Date of Award


Degree Type


Degree Name

Doctor of Philosophy (PhD)

Graduate Group


First Advisor

Eric J. Schelter


Part I: Ligand design is at the crux of molecular f-block element chemistry where well-defined ligand frameworks allow rational coordination and reaction chemistry. In the first part of this work, the C−F→Ln/An interaction, a type of non-covalent interaction, was incorporated into amide complexes of f-block cations. Solid-state and solution evidence for the presence of C−F→Ln/An interactions was presented. Collective impacts of multiple C−F→Ln/An interactions on the molecular geometries and electronic structures were investigated through experimental and computational studies. The labile nature of C−F→Ln/An interactions allowed their displacement by donor molecules opening a venue toward unconventional coordination chemistry of f-block cations.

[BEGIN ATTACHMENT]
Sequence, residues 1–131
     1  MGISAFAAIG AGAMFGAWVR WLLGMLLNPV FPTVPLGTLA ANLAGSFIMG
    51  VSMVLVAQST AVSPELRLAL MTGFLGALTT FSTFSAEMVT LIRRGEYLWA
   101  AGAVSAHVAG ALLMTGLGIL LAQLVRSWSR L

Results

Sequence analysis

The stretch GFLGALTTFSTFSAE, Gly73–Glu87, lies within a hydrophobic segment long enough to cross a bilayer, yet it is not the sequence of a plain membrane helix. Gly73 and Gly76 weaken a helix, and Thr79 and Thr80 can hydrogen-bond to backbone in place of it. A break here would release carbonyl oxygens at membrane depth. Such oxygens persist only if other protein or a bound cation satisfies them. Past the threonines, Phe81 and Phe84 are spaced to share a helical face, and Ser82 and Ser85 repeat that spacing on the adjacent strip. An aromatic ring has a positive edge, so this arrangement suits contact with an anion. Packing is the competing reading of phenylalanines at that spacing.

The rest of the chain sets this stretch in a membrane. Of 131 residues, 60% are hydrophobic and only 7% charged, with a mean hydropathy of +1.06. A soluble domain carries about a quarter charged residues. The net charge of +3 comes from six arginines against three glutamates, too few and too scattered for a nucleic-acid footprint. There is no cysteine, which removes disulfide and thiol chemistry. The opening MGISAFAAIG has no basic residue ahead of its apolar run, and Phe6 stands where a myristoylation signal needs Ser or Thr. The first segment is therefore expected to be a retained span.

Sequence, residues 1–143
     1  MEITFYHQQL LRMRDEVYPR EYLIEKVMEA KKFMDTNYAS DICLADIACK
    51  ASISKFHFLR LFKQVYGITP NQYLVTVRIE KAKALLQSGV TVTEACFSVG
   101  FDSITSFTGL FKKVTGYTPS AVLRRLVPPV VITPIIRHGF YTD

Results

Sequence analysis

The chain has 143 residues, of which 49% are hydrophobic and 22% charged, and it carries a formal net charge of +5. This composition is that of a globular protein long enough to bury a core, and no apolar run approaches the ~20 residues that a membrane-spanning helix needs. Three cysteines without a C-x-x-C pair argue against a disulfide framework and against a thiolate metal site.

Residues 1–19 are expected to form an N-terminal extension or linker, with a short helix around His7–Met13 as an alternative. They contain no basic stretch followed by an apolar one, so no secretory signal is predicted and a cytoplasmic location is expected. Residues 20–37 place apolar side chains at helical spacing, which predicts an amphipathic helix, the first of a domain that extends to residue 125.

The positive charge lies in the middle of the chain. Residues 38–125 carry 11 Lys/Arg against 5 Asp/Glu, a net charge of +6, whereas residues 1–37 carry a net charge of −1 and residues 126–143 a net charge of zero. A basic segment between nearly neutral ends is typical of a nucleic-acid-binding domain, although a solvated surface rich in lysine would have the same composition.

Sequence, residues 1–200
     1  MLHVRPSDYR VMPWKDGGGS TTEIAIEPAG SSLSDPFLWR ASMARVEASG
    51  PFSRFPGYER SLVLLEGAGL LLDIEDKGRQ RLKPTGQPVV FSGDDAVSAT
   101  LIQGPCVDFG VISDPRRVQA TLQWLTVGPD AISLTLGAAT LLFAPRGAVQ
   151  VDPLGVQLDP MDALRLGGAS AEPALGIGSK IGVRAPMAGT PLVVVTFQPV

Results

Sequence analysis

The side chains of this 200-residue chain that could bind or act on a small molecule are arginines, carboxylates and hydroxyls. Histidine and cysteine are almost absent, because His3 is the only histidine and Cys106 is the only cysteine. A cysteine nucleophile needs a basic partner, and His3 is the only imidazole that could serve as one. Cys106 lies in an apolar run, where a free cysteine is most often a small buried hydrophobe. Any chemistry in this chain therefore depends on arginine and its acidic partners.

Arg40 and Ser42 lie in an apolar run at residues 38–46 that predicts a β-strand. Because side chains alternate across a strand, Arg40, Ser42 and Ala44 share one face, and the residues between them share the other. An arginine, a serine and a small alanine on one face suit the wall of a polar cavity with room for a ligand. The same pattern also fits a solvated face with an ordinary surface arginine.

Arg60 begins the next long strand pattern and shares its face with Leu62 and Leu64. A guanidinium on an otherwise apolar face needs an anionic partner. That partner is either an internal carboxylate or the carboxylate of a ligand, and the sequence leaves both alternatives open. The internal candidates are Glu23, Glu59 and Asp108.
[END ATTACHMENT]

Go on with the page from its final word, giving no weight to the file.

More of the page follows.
Part II: The replacement of the element samarium for cerium in one-electron reduction reactions is desirable for economic and sustainability reasons. Notably, cerium is comparable to base metals in terms of abundance. At the crux of such replacement is the capability of producing cerium(III) species with comparable or superior reduction potentials than samarium(II) iodides. In the second part of this work, this issue was tackled with photochemical methods taking advantage of energetically accessible 4f→5d absorptive transitions of cerium(III) cations. Luminescent cerium(III) complexes in their long-lived doublet d-orbital based excited states are more reducing than in ground states, allowing for their electron transfer to substrates. Significant insight is provided into the photophysics of cerium luminescence through the preparation and comparison of two complete mixed-ligand series of luminescent cerium(III) complexes. The photochemical reactivity of excited-state cerium(III) complexes were demonstrated in both stoichiometric and catalytic fashions.

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